Ask your medical team about the amount of time you should set aside for the scan. Some take about 30 minutes, with others may require more or less time depending on the reason for the SPECT scan.


Location

Testing may be done in a hospital, clinic, or imaging center. Typically, the scan will be done by a medical team that specializes in nuclear medicine.


What to Wear

You can wear what you want for the procedure, but you’ll likely be asked to change into a gown before the scan. You may find that casual, loose-fitting clothing is a comfortable choice for the test. Leave metal items, like watches, jewelry, and earrings, at home.


Food and Drink

Your healthcare team will let you know if the scan requires you to avoid certain foods or drinks. For example, if you have a SPECT scan for cardiac reasons, you may need to avoid caffeine for several hours before the test.


Cost and Health Insurance

Your insurance may require prior authorization in order to cover your SPECT scan. Be sure to check with the company on whether and to what extent the scan is covered so you'll know what, if any, costs you'll need to cover.


SPECT scans, without insurance coverage, can cost over $1,000.


What to Bring

Bring your insurance card, a form of identification, and any paperwork you’ve been asked to fill out before the scan.


Other Considerations

Make sure your healthcare provider has a current list of all the medications, including over-the-counter products and supplements, that you’re taking. He or she may want you to stop taking certain ones before the procedure. Also, let your healthcare provider know if you’re pregnant or nursing.​


During the Test

The test consists of two parts: injecting the radioactive tracer and the SPECT scan itself.


Pre-Test

An intravenous (IV) line will be inserted into your arm. The radioactive tracer will then be injected via the IV. You may feel a cold sensation as the tracer flows into your bloodstream. Once the tracer has been injected, your technician or healthcare provider will instruct you as to how long you need to wait before beginning the scan so that the tracer can be fully absorbed by your body.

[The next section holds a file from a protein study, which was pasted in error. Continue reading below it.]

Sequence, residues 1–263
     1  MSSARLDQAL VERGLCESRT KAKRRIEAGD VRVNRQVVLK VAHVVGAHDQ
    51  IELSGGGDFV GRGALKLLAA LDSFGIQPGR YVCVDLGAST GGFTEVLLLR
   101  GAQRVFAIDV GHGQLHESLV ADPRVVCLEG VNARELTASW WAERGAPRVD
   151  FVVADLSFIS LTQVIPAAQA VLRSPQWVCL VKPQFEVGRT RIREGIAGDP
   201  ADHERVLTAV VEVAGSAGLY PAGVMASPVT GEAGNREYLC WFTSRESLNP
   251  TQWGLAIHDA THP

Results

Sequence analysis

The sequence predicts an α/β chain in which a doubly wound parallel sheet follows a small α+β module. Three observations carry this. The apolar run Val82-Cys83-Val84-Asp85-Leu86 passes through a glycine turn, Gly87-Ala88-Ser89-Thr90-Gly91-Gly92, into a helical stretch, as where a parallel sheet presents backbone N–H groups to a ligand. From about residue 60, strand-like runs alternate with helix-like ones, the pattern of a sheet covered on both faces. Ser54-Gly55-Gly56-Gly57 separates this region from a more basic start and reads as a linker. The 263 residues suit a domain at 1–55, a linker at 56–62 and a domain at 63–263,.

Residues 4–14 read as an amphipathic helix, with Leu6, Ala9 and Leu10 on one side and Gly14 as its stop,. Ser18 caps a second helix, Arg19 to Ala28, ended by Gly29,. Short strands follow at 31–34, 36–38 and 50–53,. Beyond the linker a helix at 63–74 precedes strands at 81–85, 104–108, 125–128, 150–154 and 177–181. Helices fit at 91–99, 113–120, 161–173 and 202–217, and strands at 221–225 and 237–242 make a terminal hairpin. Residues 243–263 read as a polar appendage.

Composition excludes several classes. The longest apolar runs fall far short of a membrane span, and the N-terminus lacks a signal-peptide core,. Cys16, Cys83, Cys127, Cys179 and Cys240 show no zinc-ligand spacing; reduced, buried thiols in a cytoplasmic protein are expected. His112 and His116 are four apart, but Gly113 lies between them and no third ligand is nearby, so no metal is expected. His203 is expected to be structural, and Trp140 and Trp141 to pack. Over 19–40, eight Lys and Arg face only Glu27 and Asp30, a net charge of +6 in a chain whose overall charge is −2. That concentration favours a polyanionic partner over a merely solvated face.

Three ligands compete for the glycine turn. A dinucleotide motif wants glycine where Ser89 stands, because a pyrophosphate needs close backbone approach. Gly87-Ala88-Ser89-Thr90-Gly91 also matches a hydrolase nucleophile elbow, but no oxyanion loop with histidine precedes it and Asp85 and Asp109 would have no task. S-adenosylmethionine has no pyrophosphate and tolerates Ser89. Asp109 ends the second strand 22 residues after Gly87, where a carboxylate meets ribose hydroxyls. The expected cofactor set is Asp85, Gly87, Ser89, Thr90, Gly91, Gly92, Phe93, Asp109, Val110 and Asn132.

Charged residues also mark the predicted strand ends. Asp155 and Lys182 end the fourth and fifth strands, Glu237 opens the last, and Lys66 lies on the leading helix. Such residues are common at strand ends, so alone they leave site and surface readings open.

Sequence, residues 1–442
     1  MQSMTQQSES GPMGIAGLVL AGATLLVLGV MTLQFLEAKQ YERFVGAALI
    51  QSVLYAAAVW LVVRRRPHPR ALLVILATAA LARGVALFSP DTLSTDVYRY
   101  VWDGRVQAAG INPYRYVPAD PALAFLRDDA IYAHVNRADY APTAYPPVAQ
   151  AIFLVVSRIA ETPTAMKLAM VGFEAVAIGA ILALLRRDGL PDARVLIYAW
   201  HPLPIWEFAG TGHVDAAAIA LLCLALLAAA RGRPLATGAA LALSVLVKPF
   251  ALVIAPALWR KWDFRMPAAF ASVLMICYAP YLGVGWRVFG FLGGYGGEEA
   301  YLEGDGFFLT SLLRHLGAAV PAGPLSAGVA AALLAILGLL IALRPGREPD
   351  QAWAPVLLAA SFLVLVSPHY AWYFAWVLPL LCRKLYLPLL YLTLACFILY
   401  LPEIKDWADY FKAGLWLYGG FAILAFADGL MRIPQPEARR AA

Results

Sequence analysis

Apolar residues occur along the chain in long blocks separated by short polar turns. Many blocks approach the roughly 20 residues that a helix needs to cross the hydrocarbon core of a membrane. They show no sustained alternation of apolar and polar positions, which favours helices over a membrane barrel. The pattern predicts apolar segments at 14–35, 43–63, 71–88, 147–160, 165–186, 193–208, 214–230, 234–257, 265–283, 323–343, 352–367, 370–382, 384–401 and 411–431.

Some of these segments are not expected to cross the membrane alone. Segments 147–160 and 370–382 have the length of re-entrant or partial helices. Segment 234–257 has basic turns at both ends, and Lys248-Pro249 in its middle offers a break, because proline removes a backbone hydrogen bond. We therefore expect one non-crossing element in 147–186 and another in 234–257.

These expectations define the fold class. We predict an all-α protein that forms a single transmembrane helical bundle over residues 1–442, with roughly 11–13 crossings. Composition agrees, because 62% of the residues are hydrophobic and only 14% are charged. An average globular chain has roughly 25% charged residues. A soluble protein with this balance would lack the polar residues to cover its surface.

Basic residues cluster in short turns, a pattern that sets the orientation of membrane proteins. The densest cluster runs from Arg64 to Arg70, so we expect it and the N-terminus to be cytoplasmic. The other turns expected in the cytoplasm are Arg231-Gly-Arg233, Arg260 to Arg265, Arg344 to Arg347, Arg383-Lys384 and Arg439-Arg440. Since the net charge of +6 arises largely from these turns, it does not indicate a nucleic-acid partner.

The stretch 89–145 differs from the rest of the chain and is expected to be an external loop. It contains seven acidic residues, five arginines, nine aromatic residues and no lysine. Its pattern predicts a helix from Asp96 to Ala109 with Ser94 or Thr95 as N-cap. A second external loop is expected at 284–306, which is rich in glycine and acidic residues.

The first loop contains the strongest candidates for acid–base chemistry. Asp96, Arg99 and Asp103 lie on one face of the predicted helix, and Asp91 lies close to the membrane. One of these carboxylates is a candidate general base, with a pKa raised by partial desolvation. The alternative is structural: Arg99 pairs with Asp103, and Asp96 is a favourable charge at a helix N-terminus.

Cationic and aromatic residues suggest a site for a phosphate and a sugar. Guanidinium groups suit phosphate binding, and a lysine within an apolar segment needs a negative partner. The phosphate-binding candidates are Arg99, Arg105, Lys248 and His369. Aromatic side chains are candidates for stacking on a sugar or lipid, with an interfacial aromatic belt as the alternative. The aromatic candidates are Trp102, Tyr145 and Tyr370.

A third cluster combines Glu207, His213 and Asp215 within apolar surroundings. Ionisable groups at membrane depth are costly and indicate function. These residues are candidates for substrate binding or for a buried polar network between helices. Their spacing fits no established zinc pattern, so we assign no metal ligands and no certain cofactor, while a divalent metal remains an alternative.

The wait could be as short as 20 minutes. In some cases, though, it could take hours or days for the absorption to happen. Your medical team will provide you with information on this process.


Throughout the Test

During the scan, you’ll be asked to lie on a table. The gamma camera will rotate around your body, creating three-dimensional images of your internal organs and tissues.


The scan doesn’t cause pain, so if you experience pain or discomfort, be sure to let your healthcare provider or technician know so that they can help you get more comfortable.


Post-Test

Once the scan is completed, you can usually leave and resume your daily activities right away.


After the Test

Staying hydrated will help your body flush out the remaining portion of the radioactive tracer over the next couple of days.


Again, if you are breastfeeding, you may be required to hold off nursing for a period of time while the tracer exits your system. Follow any special instructions given to you by your healthcare provider.


Interpreting Results

Your SPECT scan images will show bright or dark areas, either in color in grayscale, where the radioactive tracer has been absorbed by your organs and tissues.


Your results aren’t likely to be ready immediately. A radiologist or nuclear medicine physician needs to evaluate the results and report the findings to your healthcare provider.


Your healthcare provider or a member of their staff will contact you to talk about the results and whether additional testing is needed. One thing to keep in mind is that you can request copies of your SPECT scan images and the report for your personal records, or if you’d like to get a second opinion.